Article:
January 28th Is National Daisy Day

January 23rd, 2012 by Craig Mullins

National Daisy Day is celebrated each year on the 28th of January all across the United States. Although not an “official” holiday, Daisy Day is a day set aside for celebrating the beauty of the daisy flower, as well as the innocence and cheerfulness it symbolizes.

– The word ‘daisy’ is the Anglo Saxon version of “daes eage” which literally translated means “day’s eye.” The flower was given this name because it opens at dawn as the day begins.

– Daisies are perennial flowers (they bloom yearly) and belong to the Daisy family of Compositae, now known as Asteraceae.

– Native to central and northern Europe, the daisy flower is a mix of two flowers, the disk floret, which forms the center of the daisy, and the ray floret, which make up the petals. The two flowers are arranged in such a way that they give the impression of being a single flower; this is a type of inflorescence known as a capitulum.

– In some regions, the Daisy is known as “thunderflower” because of the summer thunderstorms that occur during the flower’s peak blooming season.

– Daisies, of which there are several species, make up nearly ten percent of all flowering plants on earth.

While the common daisy is the one we’re most familiar with – a yellow center and white petals – the flower comes in several colors including red, yellow, and even purple. The most popular of the colorful daisies is most likely the Gerbera daisy (also known as the African daisy, Transvaal daisy, and Barberton daisy). With large colorful blooms and striking appearance, the Gerbera daisy stands apart from the daisy pack and has become the fifth most used cut flower in world; behind roses, carnations, chrysanthemums, and tulips.

Other popular types of daisy flower are:

Blue daisy
Butter daisy
Common or English daisy (bellis perennis)
Crown daisy
Dahlberg daisy
Giant daisy
Gloriosa daisy
Livingstone daisy
Marguerite daisy
Michaelmas daisy
Painted daisy
Paris daisy
Prairie daisy (or lazy daisy)
Spanish daisy
Sunshine daisy
Swan River daisy
Tahoka daisy
Tatarian daisy
Transvaal daisy
White button daisy
Zulu princess daisy

national daisy day

Did you know the daisy flower can be used when making honey and herbal teas, and that leaves of the daisy plant are often included in salads? In fact, the daisy family includes more than just the common one with white petals and a yellow center – the herbs arnica and Echinacea are daisies, as are edible plants like endive and artichokes!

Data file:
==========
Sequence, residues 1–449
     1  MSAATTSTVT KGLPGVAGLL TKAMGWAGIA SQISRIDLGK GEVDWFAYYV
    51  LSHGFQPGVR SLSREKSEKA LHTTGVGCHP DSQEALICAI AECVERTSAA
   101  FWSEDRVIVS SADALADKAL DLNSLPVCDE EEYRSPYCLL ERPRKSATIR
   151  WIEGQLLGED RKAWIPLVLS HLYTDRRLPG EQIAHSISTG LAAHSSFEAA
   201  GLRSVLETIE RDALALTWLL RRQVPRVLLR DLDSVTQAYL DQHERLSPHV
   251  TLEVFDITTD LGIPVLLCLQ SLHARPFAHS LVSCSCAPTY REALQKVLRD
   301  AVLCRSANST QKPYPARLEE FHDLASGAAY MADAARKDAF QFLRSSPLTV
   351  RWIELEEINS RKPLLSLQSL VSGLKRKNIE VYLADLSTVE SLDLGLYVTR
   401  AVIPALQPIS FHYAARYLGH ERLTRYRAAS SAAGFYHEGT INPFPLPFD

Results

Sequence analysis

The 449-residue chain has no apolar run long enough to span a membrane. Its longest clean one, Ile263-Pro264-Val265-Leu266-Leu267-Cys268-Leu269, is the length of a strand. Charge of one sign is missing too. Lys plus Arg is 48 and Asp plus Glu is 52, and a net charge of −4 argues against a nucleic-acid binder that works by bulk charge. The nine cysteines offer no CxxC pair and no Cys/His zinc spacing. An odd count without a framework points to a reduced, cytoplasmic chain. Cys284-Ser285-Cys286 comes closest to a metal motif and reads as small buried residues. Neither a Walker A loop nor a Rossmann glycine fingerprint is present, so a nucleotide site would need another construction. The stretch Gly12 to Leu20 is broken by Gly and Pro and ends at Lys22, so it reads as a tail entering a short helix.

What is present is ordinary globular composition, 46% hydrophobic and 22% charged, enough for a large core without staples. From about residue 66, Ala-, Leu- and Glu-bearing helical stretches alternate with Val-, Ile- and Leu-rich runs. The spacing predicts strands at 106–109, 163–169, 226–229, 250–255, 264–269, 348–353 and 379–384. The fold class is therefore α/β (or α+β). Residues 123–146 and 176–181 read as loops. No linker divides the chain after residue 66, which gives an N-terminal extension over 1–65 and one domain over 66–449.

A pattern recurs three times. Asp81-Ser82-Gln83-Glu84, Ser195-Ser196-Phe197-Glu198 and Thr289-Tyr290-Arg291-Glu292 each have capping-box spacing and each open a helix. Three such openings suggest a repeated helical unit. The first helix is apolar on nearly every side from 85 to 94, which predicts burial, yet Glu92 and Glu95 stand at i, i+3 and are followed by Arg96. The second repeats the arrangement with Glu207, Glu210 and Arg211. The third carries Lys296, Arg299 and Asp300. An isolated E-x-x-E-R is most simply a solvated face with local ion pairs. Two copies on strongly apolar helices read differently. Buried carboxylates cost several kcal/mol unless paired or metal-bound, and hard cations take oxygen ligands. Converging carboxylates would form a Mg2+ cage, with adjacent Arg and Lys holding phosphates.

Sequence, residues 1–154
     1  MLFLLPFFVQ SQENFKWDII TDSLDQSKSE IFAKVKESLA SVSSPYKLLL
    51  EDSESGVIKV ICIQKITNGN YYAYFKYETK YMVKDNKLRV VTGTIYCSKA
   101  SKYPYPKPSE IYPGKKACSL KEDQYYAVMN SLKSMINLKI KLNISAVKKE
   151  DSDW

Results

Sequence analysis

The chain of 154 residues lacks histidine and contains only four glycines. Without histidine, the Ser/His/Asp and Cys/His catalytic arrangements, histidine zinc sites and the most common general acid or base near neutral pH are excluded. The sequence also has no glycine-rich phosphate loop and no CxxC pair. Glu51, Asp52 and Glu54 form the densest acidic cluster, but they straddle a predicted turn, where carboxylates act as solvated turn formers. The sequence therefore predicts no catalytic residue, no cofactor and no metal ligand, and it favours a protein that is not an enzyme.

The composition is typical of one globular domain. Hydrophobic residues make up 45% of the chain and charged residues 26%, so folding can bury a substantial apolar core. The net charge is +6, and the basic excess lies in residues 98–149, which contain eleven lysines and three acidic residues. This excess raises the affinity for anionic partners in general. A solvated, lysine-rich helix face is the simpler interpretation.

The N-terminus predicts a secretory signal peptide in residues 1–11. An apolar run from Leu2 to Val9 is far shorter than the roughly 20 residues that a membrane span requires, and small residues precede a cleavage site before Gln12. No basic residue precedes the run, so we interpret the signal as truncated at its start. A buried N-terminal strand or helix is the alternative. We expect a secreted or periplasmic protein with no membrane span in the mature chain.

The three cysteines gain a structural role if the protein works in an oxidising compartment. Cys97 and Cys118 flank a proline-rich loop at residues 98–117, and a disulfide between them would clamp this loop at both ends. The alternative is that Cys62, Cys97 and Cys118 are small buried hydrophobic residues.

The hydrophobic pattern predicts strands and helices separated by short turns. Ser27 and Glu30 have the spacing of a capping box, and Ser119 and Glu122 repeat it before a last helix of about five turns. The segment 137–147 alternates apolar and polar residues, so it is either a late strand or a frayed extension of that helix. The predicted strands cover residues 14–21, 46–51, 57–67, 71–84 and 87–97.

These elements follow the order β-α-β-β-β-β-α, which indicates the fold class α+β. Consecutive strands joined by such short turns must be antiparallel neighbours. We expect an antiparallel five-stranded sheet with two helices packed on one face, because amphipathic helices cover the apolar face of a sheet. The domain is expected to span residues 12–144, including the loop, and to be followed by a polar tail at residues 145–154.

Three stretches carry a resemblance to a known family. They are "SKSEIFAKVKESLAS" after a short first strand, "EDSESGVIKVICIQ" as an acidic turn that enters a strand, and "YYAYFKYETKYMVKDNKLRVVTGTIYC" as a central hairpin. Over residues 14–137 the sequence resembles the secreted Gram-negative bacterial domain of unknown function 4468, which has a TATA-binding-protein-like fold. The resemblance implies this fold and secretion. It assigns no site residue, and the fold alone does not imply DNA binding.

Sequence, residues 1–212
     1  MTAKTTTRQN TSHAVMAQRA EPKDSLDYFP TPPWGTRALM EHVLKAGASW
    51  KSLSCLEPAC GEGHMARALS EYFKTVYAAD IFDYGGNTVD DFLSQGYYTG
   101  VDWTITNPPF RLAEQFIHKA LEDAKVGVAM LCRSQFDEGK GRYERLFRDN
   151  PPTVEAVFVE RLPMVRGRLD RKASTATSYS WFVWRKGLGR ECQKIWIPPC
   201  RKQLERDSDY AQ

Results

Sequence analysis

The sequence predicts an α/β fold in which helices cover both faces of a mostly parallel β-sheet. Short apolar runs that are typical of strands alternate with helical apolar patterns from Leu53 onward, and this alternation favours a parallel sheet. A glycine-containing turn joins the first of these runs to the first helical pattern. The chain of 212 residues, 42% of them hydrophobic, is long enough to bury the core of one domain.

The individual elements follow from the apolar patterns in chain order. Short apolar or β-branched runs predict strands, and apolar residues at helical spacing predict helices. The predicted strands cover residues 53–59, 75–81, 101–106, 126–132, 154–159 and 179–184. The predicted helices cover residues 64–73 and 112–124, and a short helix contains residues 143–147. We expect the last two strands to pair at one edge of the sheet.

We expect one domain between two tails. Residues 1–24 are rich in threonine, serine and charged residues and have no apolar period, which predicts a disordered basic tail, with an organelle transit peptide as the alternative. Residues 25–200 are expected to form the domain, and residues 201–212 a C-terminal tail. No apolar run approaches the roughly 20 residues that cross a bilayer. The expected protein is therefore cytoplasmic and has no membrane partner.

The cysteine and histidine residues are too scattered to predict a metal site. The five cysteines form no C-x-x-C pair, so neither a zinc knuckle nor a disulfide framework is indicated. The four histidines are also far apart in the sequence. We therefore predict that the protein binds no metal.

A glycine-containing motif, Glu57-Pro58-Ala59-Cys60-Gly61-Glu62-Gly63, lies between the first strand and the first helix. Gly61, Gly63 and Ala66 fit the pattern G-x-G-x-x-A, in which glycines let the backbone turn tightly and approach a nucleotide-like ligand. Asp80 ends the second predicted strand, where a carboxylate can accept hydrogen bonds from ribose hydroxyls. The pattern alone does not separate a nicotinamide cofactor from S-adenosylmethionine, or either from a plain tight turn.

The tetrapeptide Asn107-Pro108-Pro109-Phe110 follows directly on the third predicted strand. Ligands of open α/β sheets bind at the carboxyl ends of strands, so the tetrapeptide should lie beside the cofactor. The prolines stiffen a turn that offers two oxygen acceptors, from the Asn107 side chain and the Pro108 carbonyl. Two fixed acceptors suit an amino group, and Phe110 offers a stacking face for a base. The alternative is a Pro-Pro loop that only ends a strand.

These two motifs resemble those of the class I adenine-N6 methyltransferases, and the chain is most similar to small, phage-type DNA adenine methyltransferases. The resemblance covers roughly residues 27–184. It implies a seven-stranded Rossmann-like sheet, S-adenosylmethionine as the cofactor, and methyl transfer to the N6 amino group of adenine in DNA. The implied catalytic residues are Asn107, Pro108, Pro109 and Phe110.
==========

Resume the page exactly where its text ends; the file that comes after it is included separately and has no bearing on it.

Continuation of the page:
At some point in history, the common daisy was discovered to have astringent properties and has since been used in traditional medicines. Others daisies are known to have medicinal properties as well, and believed to help with indigestion, coughs, and even wound healing.

On the farm, daisies come in handy as an important form of nutrition for cattle, as they are high in Vitamin C and other minerals.

Daisies are considered hardy perennials and can be grown very easily from seed planted directly into the flowerbed.

Start by choosing an area where your field of daisies will receive full sun and can grow undisturbed for a few years at least. Be sure to add a liberal amount of compost and manure on the site before planting to add richness to the soil and help with draining.

Plant your daisy seeds during a full sun about 9 to 12 inches apart and water the area regularly. Keep in mind, that if the daisies are planted in a spot that is too hot, they will need to be shaded and watered more often.

In the early stages of growth, it’s a good idea to add a general purpose fertilizer to the plants, and then about once a month from there on out. If you live in a cold weather region, add a thick layer of mulch for protection during the winter months.

In general, daisy plants are not bothered by disease or insects. Should such a problem arise, however, simply treat the problem areas with a fungicide or insecticidal soap.

To enhance flowering and encourage the plants to produce big, bright blooms use a fertilizer high in phosphorous just before blooming.

Daisy Time

by Marjorie Pickthall

See, the grass is full of stars,
Fallen in their brightness;
Hearts they have of shining gold,
Rays of shining whiteness.

Buttercups have honeyed hearts,
Bees they love the clover,
But I love the daisies’ dance
All the meadow over.

Blow, O blow, you happy winds,
Singing summer’s praises,
Up the field and down the field
A-dancing with the daisies.

Happy National Daisy Day! How are you going to celebrate the daisy flower?

daisy day january 28

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